North Korean team 'reprimanded'
World Cup squad given six-hour dressing down after poor results, report says.
Last Modified: 29 Jul 2010 20:59 GMT
North Korean soccer team lost all its three matches in the first round of World Cup finals last June [EPA]

The North Korean football team have reportedly been severely reprimanded after losing all three of their games at the World Cup in South Africa.

Kim Jong-Hun, the coach, and his team were summoned to the People's Palace of Culture in the capital, Pyongyang for a dressing down on July 2, US-based Radio Free Asia reported on Thursday.

Myong Chol, the sports minister, was among about 400 government officials, students and athletes that too part in the six-hour session, the report said.

Players were forced to reprimand their coach at the end of the gathering, it said.

Kim Jong-Hun was also apparently made to work on a building site and expelled from the Workers' Party of Korea.

The criticism at the meeting was led by Ri Dong-Kyu, a commentator for state TV, which made the 7-0 drubbing at the hands of Portugal its first ever live sports broadcast.

The decision to show the game live came in the wake of an encouraging 2-1 defeat to Brazil. North Korea lost their final game 3-0 to Ivory Coast.

The Radio Free Asia report cited two unidentified sources in North Korea and a Chinese businessman named Yu, described as knowledgeable about North Korea affairs.

South Korea's National Intelligence Service said it could not immediately confirm the report.

'Ideological shortcomings'

However, the Chosun Ilbo newspaper quoted a South Korean intelligence source as saying: "In the past, North Korean athletes and coaches who performed badly were sent to prison camps.

"Considering the high hopes North Koreans had for the World Cup, the regime could have done worse things to the team than just reprimand them for their ideological shortcomings."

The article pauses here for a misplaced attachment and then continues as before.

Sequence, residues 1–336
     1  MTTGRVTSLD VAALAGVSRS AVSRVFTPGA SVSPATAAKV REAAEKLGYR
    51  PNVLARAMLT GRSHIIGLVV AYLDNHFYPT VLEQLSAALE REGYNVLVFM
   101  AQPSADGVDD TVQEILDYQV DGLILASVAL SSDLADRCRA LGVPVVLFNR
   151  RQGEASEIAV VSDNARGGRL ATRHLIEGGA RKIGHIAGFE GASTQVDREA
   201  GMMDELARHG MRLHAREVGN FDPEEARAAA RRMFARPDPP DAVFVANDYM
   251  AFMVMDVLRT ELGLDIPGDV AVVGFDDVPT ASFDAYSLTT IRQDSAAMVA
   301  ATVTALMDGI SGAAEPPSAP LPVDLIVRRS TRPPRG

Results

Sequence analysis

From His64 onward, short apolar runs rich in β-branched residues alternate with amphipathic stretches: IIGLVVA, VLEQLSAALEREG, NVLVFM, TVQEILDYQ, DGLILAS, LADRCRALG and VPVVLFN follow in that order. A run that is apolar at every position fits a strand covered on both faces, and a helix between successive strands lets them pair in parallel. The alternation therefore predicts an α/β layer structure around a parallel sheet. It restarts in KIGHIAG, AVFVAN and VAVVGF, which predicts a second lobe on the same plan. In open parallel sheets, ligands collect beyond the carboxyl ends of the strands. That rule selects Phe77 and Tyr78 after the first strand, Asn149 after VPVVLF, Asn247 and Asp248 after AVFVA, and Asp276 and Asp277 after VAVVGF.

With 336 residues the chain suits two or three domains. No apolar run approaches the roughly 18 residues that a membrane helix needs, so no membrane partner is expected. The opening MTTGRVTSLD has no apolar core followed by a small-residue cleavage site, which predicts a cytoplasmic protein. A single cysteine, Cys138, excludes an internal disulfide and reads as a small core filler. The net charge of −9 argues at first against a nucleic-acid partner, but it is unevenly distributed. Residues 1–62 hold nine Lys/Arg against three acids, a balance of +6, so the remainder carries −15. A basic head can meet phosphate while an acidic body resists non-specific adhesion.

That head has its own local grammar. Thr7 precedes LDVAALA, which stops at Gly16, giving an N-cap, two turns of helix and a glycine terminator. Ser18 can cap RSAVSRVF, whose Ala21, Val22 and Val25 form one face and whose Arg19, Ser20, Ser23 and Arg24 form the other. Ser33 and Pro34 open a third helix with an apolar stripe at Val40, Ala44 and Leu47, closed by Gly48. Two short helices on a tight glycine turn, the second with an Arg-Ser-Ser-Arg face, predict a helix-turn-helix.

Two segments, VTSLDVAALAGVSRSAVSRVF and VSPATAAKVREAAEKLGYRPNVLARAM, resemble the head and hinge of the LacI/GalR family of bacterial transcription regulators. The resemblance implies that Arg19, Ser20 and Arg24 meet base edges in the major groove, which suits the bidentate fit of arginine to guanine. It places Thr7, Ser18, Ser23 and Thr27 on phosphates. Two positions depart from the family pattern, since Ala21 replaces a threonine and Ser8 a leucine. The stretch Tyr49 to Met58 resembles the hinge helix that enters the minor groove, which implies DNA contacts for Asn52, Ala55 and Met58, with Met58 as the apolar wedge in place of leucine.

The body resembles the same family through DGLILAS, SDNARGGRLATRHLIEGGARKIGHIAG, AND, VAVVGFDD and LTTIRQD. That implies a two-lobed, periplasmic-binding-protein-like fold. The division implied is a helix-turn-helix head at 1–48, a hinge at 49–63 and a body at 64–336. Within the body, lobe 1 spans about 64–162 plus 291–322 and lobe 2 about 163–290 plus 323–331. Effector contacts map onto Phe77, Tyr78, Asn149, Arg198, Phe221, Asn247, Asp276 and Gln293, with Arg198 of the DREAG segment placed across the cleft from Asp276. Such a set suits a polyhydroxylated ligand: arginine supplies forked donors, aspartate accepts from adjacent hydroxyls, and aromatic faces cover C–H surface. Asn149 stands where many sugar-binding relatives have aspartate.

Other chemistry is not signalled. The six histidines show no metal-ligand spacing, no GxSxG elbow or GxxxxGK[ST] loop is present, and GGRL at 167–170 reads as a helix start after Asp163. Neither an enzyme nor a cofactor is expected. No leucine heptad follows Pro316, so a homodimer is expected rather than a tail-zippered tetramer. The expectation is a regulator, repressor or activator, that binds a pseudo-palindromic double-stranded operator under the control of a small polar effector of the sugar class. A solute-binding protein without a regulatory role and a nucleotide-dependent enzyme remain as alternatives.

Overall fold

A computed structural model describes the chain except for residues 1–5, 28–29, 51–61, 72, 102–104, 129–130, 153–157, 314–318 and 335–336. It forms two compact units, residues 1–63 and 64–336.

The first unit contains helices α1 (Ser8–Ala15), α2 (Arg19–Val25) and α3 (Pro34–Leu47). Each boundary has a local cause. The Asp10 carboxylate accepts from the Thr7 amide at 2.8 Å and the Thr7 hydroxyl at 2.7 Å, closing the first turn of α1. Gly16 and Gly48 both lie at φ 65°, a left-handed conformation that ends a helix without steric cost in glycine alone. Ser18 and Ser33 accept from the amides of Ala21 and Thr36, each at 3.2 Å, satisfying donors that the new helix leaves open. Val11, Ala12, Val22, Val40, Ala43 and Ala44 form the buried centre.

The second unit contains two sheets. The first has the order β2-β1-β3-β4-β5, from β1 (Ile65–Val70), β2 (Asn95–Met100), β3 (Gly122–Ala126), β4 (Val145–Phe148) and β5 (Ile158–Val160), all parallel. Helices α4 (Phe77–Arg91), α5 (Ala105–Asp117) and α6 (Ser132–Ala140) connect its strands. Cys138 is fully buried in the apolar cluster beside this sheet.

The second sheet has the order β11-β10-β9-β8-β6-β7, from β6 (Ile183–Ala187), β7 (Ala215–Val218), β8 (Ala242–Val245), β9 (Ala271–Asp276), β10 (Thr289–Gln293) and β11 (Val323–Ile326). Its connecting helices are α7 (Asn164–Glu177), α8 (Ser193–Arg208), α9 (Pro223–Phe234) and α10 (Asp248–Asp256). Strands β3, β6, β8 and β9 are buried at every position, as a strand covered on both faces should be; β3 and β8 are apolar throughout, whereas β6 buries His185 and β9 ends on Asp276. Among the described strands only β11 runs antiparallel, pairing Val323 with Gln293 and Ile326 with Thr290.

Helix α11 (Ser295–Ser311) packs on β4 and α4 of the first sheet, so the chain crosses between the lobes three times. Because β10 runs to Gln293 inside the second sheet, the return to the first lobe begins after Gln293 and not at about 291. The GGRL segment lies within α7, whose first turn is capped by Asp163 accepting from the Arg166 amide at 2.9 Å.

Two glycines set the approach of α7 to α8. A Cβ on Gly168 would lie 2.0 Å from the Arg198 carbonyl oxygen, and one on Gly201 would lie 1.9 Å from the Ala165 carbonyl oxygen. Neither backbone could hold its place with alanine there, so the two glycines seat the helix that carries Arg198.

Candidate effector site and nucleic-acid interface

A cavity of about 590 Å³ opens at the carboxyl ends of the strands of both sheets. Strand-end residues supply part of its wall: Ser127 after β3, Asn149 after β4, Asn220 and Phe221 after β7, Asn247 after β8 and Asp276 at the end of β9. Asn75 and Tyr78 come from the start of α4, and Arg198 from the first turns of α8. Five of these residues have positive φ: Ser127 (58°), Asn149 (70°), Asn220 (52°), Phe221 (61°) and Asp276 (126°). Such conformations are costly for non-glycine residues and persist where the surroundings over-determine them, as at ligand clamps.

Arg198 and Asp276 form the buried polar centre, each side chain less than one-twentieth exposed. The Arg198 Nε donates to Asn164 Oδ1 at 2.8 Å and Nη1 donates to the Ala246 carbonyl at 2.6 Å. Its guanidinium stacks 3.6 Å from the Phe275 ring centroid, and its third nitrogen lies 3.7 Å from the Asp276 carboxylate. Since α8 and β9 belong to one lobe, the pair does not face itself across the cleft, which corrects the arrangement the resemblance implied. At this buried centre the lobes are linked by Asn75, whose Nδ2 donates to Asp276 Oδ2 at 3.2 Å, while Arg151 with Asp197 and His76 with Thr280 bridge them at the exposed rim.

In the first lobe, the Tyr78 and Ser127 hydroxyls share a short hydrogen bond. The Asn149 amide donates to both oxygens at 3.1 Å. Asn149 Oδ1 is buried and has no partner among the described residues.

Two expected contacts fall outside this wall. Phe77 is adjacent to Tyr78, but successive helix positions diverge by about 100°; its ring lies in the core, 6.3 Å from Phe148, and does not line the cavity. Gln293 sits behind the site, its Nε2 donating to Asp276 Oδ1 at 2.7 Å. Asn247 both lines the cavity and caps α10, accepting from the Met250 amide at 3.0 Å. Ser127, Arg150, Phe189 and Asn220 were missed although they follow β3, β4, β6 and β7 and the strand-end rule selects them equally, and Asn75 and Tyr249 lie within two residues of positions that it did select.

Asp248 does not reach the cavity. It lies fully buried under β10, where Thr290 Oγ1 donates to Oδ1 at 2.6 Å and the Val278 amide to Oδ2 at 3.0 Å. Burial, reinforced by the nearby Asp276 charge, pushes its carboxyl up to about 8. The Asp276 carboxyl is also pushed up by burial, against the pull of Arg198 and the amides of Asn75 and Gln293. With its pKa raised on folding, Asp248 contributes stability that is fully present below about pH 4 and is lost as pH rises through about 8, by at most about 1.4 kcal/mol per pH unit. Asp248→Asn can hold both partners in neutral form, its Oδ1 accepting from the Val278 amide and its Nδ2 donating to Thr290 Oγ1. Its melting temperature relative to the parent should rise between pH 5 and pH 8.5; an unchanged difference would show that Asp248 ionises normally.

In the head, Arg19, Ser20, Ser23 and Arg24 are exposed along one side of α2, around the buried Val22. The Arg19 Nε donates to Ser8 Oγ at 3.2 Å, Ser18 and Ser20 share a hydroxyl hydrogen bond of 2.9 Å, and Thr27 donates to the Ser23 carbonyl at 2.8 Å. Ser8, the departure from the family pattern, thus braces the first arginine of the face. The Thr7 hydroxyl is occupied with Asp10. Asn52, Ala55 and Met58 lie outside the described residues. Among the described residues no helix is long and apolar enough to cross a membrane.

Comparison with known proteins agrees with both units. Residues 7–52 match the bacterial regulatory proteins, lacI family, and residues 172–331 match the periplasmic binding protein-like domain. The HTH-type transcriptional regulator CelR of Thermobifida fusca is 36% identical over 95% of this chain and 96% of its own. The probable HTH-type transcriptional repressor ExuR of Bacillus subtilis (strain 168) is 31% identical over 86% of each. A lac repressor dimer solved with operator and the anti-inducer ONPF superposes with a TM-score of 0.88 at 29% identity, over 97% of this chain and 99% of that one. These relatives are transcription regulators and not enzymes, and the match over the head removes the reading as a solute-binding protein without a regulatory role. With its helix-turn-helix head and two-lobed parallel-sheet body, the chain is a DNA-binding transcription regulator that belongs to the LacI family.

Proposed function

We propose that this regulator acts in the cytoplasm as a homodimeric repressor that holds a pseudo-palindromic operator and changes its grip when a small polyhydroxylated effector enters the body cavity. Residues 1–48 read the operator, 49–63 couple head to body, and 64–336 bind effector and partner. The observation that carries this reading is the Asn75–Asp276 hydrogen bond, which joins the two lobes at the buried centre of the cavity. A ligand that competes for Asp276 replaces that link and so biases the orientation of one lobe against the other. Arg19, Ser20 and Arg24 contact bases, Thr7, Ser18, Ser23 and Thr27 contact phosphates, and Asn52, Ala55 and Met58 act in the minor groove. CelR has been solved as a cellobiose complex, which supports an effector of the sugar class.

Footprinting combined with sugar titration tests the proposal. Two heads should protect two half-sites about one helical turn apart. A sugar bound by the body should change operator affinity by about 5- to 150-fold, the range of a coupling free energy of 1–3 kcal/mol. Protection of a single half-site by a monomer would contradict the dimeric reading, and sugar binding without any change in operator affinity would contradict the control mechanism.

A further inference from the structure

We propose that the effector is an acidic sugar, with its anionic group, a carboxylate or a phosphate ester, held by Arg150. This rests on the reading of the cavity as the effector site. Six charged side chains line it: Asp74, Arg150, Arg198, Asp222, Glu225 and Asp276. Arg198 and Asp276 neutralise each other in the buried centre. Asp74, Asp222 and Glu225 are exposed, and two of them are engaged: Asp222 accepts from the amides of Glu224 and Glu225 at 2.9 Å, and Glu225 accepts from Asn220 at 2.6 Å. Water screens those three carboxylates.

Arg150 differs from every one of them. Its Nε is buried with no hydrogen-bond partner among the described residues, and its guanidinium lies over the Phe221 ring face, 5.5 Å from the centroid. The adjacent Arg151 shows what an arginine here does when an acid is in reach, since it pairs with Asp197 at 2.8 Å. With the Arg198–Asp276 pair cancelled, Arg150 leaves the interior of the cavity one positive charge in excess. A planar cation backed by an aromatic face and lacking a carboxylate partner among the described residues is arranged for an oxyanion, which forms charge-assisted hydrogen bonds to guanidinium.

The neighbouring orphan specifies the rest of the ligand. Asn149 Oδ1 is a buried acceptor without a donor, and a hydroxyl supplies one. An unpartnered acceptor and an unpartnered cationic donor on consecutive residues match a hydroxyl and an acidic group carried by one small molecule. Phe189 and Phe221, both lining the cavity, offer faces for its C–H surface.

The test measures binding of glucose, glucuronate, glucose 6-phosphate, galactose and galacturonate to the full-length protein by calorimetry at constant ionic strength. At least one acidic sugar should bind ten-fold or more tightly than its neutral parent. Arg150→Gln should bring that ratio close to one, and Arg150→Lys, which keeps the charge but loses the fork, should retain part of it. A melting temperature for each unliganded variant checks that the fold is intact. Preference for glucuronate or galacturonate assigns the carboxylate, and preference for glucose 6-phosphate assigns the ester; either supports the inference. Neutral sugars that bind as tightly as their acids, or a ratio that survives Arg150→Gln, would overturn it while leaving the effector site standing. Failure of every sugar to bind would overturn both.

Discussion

North Korea was competing in only its second World Cup in 44 years.

Pak Du Ik, who led his country to the quarterfinals in England in 1966, had previously told television news agency APTN that the team would receive a warm welcome in Pyongyang despite their lack of success.

"Now when the Korean team gets home, officials and crowds of people will go to the airport to welcome them," he said.

"We have learned a lesson from the three World Cup matches, we accumulated experience and we found an answer to how to improve our

Topics in this article
Featured on Al Jazeera
'Justice for All' demonstrations swell across the US over the deaths of African Americans in police encounters.
Six former Guantanamo detainees are now free in Uruguay with some hailing the decision to grant them asylum.
Disproportionately high number of Aboriginal people in prison highlights inequality and marginalisation, critics say.
Nearly half of Canadians have suffered inappropriate advances on the job - and the political arena is no exception.
Women's rights activists are demanding change after Hanna Lalango, 16, was gang-raped on a bus and left for dead.
Buried in Sweden's northern forest, Sorsele has welcomed many unaccompanied kids who help stabilise a town exodus.
A look at the changing face of North Korea, three years after the death of 'Dear Leader'.
While some fear a Muslim backlash after café killings, solidarity instead appears to be the order of the day.
Victims spared by the deadly disease are reporting blindness and other unexpected post-Ebola health issues.